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Repost because it is necessary

by Nov 9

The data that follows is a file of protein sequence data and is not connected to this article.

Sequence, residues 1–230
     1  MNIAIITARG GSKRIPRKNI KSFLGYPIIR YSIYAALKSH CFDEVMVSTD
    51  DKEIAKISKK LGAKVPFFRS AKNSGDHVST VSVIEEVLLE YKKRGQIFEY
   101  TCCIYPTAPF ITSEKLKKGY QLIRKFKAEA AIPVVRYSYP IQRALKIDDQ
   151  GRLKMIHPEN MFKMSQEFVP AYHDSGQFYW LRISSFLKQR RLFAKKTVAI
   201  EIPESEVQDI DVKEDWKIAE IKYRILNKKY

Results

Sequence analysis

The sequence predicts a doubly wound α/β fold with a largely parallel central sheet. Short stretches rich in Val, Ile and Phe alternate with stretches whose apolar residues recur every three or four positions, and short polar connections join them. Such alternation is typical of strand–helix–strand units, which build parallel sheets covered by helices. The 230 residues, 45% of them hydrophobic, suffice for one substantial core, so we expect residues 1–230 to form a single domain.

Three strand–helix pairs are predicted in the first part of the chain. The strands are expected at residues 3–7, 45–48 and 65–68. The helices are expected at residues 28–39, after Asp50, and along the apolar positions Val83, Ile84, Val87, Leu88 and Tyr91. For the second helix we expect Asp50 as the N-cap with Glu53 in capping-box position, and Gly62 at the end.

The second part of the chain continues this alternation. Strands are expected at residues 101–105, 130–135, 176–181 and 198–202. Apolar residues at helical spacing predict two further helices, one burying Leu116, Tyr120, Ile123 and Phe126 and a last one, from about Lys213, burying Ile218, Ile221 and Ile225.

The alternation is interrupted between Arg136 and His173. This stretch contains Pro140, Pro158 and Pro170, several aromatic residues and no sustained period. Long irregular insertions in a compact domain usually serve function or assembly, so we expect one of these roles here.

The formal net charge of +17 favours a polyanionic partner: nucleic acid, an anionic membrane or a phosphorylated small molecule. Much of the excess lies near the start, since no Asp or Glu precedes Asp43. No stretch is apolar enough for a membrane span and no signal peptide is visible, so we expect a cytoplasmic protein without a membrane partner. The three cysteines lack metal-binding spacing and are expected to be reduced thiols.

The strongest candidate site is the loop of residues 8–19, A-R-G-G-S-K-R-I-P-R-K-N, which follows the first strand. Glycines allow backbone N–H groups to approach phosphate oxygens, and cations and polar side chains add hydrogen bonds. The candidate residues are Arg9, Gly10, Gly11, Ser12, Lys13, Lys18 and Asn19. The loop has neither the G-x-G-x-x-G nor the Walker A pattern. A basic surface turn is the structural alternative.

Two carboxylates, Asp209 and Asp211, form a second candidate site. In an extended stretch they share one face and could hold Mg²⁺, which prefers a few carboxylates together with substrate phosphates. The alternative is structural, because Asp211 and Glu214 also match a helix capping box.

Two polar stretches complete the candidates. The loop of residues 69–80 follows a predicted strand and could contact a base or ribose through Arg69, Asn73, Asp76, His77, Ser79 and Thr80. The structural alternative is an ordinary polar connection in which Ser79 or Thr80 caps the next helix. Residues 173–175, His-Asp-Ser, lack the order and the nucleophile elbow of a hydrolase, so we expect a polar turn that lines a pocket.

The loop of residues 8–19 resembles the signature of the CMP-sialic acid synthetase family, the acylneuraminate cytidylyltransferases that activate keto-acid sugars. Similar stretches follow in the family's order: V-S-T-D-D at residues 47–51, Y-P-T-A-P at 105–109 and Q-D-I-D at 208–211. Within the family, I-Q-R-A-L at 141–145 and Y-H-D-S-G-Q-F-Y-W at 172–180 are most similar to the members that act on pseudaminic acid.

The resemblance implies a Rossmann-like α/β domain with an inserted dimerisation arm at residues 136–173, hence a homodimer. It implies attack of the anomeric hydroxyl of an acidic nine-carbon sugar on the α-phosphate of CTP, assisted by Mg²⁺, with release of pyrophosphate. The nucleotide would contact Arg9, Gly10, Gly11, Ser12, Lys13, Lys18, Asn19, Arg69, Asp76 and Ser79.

I've noticed that many Imgurians are pulling the old "We are a Republic not a Democracy" argument. First and foremost, this argument makes the assumption that they are mutually exclusive. They are not. A democracy is any form of government that has power vested in the people. This can come in the form of a direct democracy, in which everyone is directly involved in the political process, or an indirect democracy, in which some form of intermediary measures are used. One form of indirect democracy elects representatives, also known as a representative democracy. Republics are more complex and have a unique history. First and foremost, Republics are NOT representative democracies. The term "Republic" stems from the Latin phrase "res publica", meaning "to make public". A Republic is simply a government in which the matters of the state are considered a public matter, as opposed to the private concerns of rulers. A Republic may also be a form of democracy to ensure this, and many Republics across the world are also Representative democracies. However, such is not necessary, and legitimacy may instead be rooted in other principles, such as: rule of law, due process, equality under the law, etc. Most importantly, what is considered necessary for a Republic to be legitimate and have the public interests in mind shift depending upon time and place. Political cultures evolve and thus the demands of the public do not remain constant. Such is the reason why we have so many different forms of Republics (Classical Republics, Feudal Republics, Merchant Republics, Democratic Republics, etc.).


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